The case of Mrs. Harry Holstrom was quite different. Luella (Nellie) Rosalina Walker was born in 1901 in Princeton, Iowa. By 1920, her father was dead, and she and a younger brother were living with their widowed mother in Davenport. Nellie decided to pursue an education, focusing upon teacher training. In 1924 she accepted a position at Mankato State Teachers College (today's Minnesota State University, Mankato). At about the same time, she met Harry Kay Holstrom, and in November, 1926 they married and settled in Brooklyn, Iowa. Apparently Nellie promptly conceived, but she entered St. Francis March 13, 1927, her doctor reporting that he had performed an abortion.

What does this mean? Was the conception somehow defective, perhaps putting Nellie's own life at risk? Had there been some other trouble that necessitated terminating the pregnancy? The hospital register has nothing to say about these questions, remarking only that Nellie was dismissed four days later. Whether related to the abortion or not, something did go wrong with Nellie's marriage, even though the next year she gave birth to a daughter, because by the time federal census agents appeared at her door in 1940, she was no longer living in Brooklyn with Harry, but had returned to Davenport where she lived with her daughter, the census describing her as divorced.
Gravestone for Grastina Marchellino, Hazelwood Cemetery (2017 photo)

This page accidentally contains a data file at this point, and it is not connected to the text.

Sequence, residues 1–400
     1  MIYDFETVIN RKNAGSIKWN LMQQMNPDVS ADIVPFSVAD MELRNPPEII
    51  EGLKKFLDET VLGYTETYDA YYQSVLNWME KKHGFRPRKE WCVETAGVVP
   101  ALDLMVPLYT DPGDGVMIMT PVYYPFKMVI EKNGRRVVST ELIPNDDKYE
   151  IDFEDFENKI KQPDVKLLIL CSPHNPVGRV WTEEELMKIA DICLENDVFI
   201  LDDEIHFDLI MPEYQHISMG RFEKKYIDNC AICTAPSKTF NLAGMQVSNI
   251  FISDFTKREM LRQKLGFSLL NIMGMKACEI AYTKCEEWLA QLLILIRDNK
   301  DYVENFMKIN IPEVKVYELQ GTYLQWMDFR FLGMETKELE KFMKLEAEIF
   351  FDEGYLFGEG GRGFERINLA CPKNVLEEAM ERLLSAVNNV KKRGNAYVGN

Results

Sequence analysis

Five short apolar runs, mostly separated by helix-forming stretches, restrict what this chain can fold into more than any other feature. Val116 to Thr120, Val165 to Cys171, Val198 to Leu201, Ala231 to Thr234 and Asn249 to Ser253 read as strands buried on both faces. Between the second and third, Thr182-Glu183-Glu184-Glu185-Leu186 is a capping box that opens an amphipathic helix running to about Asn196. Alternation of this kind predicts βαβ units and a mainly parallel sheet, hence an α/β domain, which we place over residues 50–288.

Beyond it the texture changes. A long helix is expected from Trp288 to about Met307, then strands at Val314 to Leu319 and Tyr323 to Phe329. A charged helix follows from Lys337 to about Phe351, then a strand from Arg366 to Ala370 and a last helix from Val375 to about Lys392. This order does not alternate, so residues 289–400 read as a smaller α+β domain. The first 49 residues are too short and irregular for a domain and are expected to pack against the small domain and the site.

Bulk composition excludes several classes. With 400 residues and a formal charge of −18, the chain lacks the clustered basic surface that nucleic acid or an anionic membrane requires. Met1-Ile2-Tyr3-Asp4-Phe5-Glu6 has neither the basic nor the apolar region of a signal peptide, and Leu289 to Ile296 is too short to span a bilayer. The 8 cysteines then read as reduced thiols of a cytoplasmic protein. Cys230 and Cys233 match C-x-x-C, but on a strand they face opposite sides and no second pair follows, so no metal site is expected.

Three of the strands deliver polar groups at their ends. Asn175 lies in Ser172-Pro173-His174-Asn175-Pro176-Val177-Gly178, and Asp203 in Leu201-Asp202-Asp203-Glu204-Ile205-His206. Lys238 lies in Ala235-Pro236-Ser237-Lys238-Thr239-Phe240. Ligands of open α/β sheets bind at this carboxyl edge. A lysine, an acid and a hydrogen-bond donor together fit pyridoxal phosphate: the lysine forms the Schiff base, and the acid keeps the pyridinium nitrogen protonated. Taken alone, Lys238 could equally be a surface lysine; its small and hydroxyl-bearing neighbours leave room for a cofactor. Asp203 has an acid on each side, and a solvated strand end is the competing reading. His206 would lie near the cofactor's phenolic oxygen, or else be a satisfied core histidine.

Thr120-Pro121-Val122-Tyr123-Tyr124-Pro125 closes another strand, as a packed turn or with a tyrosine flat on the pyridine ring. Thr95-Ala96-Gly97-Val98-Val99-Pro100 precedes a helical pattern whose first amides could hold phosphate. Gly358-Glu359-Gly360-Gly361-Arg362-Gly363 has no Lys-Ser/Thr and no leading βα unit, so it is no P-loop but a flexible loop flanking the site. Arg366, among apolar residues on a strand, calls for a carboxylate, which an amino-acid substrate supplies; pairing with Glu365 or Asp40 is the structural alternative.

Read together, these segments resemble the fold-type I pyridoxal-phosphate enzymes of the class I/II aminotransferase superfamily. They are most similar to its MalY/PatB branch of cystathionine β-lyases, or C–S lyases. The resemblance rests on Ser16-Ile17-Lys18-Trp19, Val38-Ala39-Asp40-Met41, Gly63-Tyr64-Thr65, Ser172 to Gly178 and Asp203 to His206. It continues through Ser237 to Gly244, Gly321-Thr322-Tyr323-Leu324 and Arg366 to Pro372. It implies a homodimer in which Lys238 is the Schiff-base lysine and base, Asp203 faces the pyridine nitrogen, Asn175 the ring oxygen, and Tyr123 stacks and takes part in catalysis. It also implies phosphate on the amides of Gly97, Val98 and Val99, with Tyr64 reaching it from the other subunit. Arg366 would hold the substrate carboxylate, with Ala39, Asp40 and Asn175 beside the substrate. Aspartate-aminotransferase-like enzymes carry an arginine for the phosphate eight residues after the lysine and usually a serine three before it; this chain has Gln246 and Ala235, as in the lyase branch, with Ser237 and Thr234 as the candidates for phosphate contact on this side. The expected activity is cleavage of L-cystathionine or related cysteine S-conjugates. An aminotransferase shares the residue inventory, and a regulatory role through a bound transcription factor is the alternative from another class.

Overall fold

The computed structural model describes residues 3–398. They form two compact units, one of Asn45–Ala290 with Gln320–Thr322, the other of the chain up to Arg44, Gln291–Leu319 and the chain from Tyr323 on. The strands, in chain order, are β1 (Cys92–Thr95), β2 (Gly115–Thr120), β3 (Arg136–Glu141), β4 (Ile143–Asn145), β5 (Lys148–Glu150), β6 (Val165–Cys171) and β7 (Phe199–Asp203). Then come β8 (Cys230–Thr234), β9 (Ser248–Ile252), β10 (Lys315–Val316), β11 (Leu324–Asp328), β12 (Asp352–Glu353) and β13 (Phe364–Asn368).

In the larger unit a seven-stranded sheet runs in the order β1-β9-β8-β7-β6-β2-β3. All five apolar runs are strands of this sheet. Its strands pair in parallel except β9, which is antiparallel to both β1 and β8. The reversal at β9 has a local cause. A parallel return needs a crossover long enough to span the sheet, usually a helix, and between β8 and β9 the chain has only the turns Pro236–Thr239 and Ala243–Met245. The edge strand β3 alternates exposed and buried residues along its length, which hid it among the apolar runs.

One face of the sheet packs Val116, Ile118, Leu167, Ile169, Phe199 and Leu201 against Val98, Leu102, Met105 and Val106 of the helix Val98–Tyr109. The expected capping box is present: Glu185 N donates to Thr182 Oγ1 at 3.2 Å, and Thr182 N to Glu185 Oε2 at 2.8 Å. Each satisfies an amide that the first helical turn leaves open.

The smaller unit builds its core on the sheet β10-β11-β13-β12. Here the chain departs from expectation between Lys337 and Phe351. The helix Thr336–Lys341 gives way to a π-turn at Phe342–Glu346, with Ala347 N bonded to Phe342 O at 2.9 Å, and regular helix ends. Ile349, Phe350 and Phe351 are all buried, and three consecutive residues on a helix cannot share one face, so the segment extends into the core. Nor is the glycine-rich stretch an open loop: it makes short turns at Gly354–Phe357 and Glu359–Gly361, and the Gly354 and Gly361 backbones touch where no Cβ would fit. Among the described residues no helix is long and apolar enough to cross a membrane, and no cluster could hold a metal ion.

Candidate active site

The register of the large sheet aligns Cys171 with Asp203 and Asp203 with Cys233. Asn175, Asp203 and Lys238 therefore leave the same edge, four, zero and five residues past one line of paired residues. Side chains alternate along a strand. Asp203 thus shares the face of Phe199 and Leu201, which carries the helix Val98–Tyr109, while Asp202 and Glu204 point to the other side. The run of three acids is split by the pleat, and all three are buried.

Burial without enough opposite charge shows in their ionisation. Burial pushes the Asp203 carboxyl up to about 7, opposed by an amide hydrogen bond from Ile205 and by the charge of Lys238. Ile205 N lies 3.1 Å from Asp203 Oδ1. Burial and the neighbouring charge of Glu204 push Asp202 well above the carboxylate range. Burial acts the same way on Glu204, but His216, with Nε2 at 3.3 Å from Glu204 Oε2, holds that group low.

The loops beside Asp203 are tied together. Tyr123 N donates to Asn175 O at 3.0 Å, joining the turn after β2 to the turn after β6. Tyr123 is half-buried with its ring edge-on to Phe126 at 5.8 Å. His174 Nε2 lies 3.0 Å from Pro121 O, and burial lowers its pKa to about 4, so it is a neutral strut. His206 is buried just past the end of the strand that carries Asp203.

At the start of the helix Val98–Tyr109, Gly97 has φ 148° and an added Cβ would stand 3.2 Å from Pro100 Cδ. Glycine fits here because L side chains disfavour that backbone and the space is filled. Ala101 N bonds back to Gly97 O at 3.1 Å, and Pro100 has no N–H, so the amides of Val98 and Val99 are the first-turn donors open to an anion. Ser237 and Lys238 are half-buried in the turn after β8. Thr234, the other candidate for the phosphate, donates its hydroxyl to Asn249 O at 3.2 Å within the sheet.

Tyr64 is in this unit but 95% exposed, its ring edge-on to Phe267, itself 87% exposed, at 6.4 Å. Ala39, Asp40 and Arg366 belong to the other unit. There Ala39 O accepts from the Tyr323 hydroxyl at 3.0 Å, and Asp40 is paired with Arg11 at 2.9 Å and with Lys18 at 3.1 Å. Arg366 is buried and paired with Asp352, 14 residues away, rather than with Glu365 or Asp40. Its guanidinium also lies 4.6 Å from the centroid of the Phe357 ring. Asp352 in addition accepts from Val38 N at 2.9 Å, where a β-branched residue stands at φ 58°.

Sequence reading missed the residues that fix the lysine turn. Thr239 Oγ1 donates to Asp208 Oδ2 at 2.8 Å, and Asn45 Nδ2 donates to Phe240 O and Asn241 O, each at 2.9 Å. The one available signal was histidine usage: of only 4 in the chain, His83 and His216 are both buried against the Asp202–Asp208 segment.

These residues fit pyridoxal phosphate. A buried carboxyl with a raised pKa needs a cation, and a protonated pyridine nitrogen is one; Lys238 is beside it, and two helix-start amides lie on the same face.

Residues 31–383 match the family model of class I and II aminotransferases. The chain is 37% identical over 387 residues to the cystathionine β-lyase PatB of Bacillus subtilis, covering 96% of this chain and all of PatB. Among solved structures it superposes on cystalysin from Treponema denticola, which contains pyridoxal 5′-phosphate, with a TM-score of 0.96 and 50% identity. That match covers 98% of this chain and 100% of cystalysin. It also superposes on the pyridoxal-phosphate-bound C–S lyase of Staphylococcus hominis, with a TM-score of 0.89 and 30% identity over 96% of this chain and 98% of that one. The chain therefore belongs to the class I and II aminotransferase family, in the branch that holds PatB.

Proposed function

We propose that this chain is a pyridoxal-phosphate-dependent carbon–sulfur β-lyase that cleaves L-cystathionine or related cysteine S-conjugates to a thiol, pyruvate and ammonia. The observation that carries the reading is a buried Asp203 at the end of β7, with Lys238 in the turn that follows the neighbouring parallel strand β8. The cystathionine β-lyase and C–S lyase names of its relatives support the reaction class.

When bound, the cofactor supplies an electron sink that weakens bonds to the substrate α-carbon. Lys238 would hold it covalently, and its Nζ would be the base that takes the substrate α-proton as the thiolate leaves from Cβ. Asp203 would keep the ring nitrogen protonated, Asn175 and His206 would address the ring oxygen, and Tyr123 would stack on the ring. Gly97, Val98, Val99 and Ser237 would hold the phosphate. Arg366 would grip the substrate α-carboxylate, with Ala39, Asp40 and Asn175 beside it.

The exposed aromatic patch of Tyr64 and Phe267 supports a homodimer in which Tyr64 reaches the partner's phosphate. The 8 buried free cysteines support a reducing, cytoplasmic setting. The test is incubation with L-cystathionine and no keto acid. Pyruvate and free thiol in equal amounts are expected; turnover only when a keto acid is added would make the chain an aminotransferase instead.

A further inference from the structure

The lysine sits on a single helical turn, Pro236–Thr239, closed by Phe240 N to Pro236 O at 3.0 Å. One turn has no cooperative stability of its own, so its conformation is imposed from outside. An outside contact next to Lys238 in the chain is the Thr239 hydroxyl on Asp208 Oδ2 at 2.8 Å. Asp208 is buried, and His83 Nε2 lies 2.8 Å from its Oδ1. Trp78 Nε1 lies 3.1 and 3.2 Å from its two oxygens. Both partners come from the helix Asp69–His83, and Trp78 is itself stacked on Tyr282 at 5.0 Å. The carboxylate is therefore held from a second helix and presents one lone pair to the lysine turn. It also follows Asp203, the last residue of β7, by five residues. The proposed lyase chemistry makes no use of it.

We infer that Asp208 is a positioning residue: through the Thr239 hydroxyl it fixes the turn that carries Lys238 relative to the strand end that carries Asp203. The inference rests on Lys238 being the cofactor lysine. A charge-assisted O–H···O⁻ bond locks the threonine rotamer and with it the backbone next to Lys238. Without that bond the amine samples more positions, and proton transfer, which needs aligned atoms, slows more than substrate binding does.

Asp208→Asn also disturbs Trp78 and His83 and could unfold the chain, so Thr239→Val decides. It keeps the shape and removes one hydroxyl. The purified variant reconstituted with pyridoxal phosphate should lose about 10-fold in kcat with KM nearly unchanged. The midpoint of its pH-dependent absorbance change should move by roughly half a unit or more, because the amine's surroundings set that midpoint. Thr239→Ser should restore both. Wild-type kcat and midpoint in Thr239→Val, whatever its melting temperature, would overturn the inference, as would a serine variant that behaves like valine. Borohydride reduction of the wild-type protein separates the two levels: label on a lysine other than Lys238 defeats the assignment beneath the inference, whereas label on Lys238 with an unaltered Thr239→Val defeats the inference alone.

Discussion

A similar scenario played out for Mrs. "Geo." Marchellino. Giuseppe ("Joe") Marchellino had immigrated to the United States in 1909, and established a shoemaker's business in Grinnell. By 1920 Joe was living and working in Ottumwa, where in 1922 he married eighteen-year-old Grace Weeks; they both reported that this was their second marriage. Soon thereafter the newlyweds settled in Grinnell. Grace entered St. Francis Hospital May 10, 1923 where Dr. Talbott again reported having performed an abortion. Apparently there were no complications, as Grace was dismissed two  days later. She conceived again very soon, because their son, James, is reported (on a delayed birth record), as having been born November 6, 1923. This date, recalled years later for the substitute birth certificate, seems very unlikely, and St. Francis records do not remember James's birth at all. Nevertheless, November 6, 1923 is what was recorded in numerous later documents, including the report of James's World War II death in New Guinea in 1942. A second child, Grastina, was born in September, 1925, but died the following spring. Francis came in 1927, and LaVena in 1928. For reasons unknown, by 1930 the couple divorced, and in 1931 Grace remarried and left Iowa. Joe remained in Grinnell until 1962 when he returned to Italy, where he died in 1966.